A more populist and militant form of Islam is increasingly finding a place in Syria, although the government is actively discouraging political forms of the faith.
The Christian Science Monitor (Oct. 3) reports that “Young Syrians are filling mosques, many women have taken to wearing the head scarf known as the hijab, and underground women’s religious discussion groups are increasingly popular despite being banned. The austere Wahhabi brand of Islam practiced by Osama bin Laden is preached in some small towns in northern Syria. Even longtime secular Baath partisans are embracing religion.”
Much of this Islamic revival is spread through a network of mosques based in conservative neighborhoods. In Damascus, the revivalists represent between 60 to 65 percent of pious Muslims, according to Samir al-Taqi, a Syrian political analyst. But other observers say the resurgence is a reaction to the U.S.-led wars in Afghanistan and Iraq, as well as ongoing conflicts between the Palestinians and Israelis [with the recent bombing by Israel likely to heighten such tensions].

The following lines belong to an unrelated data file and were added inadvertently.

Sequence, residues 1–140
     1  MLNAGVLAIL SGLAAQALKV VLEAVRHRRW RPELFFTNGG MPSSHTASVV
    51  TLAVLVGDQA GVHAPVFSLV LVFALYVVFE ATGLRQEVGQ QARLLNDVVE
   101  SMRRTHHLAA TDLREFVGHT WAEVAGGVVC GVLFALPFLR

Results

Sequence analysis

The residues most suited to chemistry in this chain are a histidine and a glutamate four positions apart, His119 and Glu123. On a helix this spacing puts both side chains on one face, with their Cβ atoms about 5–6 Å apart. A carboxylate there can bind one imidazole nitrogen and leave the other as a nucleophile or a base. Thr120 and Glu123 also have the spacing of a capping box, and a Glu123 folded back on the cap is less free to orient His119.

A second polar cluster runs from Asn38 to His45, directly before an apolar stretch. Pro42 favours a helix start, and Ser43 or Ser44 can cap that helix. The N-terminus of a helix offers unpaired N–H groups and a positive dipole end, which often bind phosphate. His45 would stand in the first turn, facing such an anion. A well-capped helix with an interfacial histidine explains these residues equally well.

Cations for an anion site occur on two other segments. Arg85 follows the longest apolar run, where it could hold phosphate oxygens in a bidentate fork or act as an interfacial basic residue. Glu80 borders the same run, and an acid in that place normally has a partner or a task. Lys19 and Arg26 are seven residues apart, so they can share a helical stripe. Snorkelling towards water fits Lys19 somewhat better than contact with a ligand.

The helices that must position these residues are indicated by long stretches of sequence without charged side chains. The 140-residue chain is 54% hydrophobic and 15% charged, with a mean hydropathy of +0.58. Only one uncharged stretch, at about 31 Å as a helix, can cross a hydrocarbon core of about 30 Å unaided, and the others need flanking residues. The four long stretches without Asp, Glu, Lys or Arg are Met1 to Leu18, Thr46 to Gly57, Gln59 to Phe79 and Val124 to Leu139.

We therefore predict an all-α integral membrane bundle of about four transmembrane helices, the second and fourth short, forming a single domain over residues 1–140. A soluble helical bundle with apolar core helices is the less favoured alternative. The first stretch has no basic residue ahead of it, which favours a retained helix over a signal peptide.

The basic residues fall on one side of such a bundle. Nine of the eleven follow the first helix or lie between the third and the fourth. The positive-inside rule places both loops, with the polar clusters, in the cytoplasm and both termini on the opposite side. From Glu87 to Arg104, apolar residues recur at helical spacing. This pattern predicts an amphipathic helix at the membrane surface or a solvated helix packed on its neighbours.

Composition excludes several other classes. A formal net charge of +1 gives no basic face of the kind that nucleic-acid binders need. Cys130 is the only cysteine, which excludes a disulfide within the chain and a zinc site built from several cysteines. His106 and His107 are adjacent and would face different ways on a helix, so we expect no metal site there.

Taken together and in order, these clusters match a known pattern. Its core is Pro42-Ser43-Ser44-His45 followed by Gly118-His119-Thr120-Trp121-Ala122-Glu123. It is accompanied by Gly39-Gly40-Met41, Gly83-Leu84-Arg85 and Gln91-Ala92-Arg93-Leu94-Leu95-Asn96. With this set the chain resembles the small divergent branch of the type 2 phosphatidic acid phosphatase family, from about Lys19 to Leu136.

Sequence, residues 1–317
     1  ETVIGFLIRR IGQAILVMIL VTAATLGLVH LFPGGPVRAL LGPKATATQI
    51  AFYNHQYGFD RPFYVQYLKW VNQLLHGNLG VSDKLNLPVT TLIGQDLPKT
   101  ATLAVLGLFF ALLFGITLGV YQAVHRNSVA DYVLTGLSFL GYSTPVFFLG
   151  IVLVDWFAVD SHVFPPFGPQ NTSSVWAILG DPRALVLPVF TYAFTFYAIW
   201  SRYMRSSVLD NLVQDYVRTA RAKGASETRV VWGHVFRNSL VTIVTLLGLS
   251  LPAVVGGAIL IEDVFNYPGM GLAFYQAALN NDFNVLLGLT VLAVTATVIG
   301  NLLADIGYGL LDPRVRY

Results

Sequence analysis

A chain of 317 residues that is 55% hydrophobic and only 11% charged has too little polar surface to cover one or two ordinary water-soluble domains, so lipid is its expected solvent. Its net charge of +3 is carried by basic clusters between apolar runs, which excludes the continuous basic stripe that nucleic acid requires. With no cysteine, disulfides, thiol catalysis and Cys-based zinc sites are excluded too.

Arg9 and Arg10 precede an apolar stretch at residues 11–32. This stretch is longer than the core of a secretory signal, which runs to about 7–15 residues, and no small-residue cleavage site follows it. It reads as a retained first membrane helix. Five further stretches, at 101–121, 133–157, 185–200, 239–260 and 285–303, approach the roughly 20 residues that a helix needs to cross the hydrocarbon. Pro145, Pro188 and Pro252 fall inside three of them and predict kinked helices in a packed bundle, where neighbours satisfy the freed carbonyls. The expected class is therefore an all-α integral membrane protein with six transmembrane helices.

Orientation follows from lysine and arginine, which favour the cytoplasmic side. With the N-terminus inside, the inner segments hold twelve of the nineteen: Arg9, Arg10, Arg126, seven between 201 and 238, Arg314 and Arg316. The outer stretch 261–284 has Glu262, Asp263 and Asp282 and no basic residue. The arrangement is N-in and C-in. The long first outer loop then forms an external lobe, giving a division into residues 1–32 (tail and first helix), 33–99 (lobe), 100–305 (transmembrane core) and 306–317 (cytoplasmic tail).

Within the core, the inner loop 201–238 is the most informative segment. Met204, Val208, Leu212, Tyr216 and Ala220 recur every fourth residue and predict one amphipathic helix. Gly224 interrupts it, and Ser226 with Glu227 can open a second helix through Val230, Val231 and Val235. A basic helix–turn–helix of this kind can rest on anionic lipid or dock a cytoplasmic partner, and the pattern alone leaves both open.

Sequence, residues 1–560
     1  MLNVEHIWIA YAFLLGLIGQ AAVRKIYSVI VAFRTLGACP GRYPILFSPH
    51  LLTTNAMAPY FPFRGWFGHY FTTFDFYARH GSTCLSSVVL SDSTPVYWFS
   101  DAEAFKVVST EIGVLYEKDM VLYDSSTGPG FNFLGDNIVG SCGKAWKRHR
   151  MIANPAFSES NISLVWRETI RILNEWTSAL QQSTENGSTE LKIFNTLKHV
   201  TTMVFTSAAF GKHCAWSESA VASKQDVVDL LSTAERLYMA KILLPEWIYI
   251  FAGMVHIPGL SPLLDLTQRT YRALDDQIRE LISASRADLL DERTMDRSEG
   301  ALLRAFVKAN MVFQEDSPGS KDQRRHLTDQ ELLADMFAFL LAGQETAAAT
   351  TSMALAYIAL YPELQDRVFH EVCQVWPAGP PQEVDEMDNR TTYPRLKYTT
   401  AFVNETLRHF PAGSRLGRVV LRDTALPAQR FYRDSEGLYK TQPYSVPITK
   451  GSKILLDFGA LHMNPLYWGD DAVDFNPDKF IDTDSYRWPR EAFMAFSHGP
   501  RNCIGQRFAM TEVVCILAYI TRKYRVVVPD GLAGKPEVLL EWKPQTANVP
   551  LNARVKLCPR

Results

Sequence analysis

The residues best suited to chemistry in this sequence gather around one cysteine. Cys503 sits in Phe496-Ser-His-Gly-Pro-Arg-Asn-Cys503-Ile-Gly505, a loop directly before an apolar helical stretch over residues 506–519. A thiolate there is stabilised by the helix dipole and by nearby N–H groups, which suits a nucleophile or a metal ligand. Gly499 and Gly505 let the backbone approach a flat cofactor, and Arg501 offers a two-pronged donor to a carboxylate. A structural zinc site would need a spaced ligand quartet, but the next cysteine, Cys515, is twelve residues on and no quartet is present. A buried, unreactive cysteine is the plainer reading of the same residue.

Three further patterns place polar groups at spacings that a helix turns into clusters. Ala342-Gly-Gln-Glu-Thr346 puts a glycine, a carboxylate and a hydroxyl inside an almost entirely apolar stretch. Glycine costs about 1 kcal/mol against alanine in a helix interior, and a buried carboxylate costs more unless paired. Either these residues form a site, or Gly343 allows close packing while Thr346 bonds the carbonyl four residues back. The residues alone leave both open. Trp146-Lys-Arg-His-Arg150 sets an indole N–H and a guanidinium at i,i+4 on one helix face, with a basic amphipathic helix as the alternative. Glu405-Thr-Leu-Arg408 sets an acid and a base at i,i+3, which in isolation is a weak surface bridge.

The Syrian authorities are monitoring the movement and trying to control it. But there is the fear that a constituency is being created for Islamic leaders who might emerge if the regime falls or there is instability.